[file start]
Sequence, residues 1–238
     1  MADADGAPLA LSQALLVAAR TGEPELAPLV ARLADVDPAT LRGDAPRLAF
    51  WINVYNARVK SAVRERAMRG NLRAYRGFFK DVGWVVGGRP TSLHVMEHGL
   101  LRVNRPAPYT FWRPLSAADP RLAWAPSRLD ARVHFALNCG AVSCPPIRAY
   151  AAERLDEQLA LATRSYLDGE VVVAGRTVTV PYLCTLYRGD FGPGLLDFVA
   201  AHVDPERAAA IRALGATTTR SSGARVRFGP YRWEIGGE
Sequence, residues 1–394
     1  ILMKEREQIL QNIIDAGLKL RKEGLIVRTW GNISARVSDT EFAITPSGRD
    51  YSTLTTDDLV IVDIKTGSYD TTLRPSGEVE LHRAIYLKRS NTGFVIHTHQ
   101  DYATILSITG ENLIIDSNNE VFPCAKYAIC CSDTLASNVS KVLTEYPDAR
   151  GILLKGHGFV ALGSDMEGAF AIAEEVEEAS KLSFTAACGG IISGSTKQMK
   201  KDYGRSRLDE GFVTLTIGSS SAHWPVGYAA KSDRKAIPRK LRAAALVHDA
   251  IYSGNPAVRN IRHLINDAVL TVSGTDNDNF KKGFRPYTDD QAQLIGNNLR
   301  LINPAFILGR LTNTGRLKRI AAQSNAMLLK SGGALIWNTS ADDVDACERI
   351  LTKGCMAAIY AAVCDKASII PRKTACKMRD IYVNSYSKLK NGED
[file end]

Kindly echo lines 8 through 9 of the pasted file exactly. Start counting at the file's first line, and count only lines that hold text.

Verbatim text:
     1  ILMKEREQIL QNIIDAGLKL RKEGLIVRTW GNISARVSDT EFAITPSGRD
    51  YSTLTTDDLV IVDIKTGSYD TTLRPSGEVE LHRAIYLKRS NTGFVIHTHQ